M3GAN. Toy Story [Review]
Cady (Violet McGraw) doesn’t care too much about her parents in the car in front of her. Staring at the phone screen, using a dedicated application, she takes care of the Pet. It is a toy armed with the latest technological achievements, and its design resembles the famous gremlins (the first genre clue announcing what kind of cinema we will be dealing with). Behind the windows of the car, a snowstorm almost completely limiting the visibility, the wheels skid every now and then, the tragedy hangs on the ropes.
Gemmie (Allison Williams) won’t be particularly happy to take in an orphaned girl. Since she is a project manager at Funki, a company that produces modern accessories for children, she has no time to properly take care of Cady. The greedy and impatient CEO demands the implementation of the set goals, the competition flees, and the deadlines are relentless as usual. However, the unexpected arrival of her niece precipitates one of Gemma’s side projects, M3GAN: a self-learning intelligent doll. This is a real breakthrough and a new, powerful player on the toy market in the near future. The doll will be able to take care of raising the child, and adults can focus on their own duties and pleasures. For many parents, this is the perfect solution. Worth the ten thousand dollar depletion of your wallet.
M3GAN is a horror movie, but it seems to be one by chance. Director Gerard Johnstone is primarily interested in the tensions between Gemma, who is reluctant to accept the role of mother, and Cody, who is going through an emotional breakdown. There are psychologically complex frictions and dependencies between the two. The girl needs support and warmth, but at the same time she keeps a certain distance. Gemma likes this attitude, because she doesn’t have to put all her day in Cody’s care, but every day she realizes more and more that their relationship can’t be like this. M3GAN turns everything upside down. The despotic personality of the doll takes the parent-child bond to the extreme. First, this relationship is undermined and then broken. An adult can afford to be indifferent, and a child does not have to turn to a guardian for anything, because an omniscient toy will provide, explain and deliver everything. If any threat arises, M3GAN will reach for even the cruelest solution without hesitation.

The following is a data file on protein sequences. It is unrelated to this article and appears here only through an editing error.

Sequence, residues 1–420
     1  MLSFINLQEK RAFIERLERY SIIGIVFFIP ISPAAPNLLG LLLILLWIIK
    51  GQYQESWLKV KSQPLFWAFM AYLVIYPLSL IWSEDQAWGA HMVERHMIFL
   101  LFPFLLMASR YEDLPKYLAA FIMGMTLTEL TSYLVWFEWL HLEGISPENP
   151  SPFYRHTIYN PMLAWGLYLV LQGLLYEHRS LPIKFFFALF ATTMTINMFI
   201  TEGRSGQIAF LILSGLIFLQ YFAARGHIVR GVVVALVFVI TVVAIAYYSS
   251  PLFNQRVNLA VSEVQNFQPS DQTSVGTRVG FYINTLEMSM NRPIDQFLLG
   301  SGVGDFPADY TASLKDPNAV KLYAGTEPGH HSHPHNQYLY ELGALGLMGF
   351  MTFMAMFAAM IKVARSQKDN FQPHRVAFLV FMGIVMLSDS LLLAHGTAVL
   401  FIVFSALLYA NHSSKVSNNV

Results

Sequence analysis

Secondly, the creators talk about the technological invasion into the social fabric. About applications that relieve people of more and more duties, about addiction to smartphones and smart-homes, and about the possessive IT industry (with a caricature face), interfering in ever more intimate human areas. Of course, this is not a novelty in the landscape of modern science fiction cinema, but M3GAN is another very clear, warning voice. The cost of production and the projected profit are measurable, hard numbers, but they must also be ethically verified. Yes, it’s a cliché about higher values and lower values, but maybe it’s still worth reminding.
M3GAN suffers a bit from the generic and forced final confrontation. It’s a trail that’s been trodden too many times. A fictional template exploited to the core, causing yawning and not an ounce of excitement. However, before we reach the finale, Johnstone’s film is a noteworthy story about locating feelings and emotions (towards people, towards things) and a conscious reflection about going through trauma, probably in the most severe possible variants. Cody faces her once, runs away from her once. She is held by Gemma by one hand and M3GAN by the other. One step forward, two steps back. The competition for the girl’s soul is a solid foundation of the film’s drama. If it’s a horror movie, it’s really only stage directions. Anyway, M3GAN is a good proposition for fans of both film conventions.